Ships take in water from outside the hull to cool the engines and other auxiliary equipment. The water usually comes in through a sea chest. ‚ÄúThe sea chest provides an intake reservoir from which piping systems draw raw water. Most sea chests are protected by removable gratings (trash screen), and contain baffle plates to dampen the effects of vessel speed or sea state. The intake size of sea chests varies from less than 10 cm¬≤ to several square meters‚Äú(Wikipedia).
Frazil are small ice crystals that form in the water column during supercooling events. Frazil forms below the surface making it difficult to detect. Frazil comes in two types, active and passive; passive frazil passes through the ship’s trash screen without a problem. Active frazil sticks to everything and can cause problems with water intake. In colder climates, frazil forms in rivers, lakes and seaports. When it gets sucked into the sea chest it can create blockages, causing damage to the ships engines or other auxiliary equipment such as steering gear. A local University, researching detection methods for ice content in water, came to MTI Instruments to determine if capacitance probes could detect the percentage of ice in brackish water. A capacitance probe was placed in a PVC tube and tuned to detect the change in dielectric constant of the water ice mixture.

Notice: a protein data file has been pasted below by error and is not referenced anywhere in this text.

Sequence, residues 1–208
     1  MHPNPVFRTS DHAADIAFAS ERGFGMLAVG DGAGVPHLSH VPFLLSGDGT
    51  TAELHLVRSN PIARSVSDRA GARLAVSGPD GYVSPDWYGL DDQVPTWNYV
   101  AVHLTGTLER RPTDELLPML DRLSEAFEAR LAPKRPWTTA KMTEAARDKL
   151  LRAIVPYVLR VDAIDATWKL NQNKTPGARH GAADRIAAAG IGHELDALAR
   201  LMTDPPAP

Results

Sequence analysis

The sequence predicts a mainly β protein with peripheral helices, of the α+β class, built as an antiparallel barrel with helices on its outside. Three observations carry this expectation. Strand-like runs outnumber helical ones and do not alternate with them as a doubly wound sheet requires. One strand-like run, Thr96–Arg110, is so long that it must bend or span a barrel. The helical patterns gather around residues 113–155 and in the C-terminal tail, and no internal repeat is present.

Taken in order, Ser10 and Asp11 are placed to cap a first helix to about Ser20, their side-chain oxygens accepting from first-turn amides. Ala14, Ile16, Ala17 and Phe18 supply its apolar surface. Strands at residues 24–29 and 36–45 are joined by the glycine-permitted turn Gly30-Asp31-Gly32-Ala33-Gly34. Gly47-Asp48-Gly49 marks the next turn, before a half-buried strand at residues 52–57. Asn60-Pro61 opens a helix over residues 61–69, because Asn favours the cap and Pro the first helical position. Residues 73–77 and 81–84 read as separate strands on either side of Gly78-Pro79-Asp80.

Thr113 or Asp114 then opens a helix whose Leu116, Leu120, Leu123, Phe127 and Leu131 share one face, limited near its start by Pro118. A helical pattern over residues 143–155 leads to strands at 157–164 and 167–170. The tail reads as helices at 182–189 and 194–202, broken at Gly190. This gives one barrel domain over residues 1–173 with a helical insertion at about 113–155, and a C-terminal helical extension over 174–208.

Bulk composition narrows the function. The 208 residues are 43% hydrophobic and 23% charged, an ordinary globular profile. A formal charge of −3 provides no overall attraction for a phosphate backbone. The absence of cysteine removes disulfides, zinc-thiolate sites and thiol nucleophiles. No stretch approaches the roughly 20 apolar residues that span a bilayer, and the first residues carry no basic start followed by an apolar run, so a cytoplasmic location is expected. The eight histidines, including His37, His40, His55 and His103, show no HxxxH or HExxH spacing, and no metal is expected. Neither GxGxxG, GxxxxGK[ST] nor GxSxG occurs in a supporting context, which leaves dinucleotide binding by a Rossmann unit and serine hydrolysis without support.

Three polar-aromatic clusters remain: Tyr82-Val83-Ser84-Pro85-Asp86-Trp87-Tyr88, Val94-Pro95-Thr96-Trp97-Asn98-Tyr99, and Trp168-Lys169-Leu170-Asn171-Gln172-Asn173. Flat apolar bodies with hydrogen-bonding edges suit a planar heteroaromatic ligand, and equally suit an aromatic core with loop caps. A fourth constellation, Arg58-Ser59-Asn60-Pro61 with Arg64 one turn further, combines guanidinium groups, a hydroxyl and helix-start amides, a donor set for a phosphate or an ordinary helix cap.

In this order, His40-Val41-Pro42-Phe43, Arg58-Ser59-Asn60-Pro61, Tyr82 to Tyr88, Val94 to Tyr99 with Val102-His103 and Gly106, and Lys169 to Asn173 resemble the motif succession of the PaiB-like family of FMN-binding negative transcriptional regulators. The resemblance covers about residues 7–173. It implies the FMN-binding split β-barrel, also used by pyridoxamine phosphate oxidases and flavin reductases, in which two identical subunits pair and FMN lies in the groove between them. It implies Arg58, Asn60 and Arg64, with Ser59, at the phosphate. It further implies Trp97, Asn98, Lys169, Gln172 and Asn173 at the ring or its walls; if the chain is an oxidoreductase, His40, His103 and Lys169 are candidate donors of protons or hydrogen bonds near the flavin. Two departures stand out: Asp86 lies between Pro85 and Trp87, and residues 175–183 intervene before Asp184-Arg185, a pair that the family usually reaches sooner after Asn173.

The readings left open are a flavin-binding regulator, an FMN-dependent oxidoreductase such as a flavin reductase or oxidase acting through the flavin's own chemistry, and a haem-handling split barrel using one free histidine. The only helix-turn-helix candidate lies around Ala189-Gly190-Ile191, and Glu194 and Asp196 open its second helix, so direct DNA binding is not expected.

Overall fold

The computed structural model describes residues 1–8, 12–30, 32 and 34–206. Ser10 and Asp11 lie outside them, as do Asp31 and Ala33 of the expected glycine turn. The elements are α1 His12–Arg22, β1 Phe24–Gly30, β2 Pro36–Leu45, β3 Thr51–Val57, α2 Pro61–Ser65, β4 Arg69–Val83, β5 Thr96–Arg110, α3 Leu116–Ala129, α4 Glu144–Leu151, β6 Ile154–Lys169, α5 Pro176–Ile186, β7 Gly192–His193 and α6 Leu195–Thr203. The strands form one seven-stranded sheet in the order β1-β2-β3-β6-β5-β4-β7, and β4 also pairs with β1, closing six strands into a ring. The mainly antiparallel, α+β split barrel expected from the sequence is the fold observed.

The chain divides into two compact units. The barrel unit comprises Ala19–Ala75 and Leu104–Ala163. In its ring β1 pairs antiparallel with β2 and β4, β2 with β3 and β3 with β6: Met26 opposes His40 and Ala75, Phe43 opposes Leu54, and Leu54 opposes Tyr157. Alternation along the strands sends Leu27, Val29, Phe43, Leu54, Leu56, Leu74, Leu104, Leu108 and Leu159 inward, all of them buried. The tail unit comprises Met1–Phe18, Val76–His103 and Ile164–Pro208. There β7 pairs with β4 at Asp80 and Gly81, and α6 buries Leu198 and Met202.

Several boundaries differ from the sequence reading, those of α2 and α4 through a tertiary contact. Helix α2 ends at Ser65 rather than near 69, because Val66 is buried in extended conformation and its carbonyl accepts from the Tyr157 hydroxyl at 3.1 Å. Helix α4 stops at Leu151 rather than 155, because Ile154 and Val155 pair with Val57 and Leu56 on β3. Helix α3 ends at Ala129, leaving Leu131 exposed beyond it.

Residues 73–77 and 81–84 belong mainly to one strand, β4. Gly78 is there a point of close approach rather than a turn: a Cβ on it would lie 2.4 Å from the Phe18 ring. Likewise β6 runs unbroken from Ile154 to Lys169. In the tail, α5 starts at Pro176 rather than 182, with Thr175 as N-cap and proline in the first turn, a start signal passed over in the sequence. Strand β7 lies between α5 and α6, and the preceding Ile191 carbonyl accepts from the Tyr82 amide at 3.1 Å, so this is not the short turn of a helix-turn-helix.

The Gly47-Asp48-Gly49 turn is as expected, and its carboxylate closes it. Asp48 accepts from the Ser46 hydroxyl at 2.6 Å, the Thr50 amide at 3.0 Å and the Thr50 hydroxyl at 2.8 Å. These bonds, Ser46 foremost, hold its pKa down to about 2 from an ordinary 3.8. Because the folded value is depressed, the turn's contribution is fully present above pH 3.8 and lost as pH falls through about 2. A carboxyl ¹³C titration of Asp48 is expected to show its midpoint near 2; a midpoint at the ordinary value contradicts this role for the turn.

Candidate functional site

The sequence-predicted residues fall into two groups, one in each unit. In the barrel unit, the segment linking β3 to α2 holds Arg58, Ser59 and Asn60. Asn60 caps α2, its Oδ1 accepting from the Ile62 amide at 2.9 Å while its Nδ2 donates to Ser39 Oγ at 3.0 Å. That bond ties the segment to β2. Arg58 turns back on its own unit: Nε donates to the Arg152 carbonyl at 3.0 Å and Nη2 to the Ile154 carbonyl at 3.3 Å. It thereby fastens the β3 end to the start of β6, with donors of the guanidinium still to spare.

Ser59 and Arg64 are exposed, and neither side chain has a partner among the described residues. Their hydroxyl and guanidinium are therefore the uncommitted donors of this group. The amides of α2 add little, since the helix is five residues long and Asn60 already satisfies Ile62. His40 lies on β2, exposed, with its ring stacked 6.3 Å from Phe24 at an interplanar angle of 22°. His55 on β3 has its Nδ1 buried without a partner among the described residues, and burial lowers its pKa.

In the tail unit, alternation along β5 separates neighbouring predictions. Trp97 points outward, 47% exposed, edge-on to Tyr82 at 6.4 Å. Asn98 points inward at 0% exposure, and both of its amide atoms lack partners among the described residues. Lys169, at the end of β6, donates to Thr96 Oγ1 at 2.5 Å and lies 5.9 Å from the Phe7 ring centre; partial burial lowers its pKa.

This collaboration between MTII engineering and the University could result in ships having an alarm warning of inlet cooling blockage due to ice. Initial lab test results are good and sea trials are pending the appropriate conditions. Capacitance probes can also be used to detect ice buildup in compressor evaporator coils or on wind turbines potentially saving millions of dollars in repairs and outages. Don‚Äôt be left out in the cold. When you need critical, innovative solutions MTI Instruments is here to help, regardless of the temperature.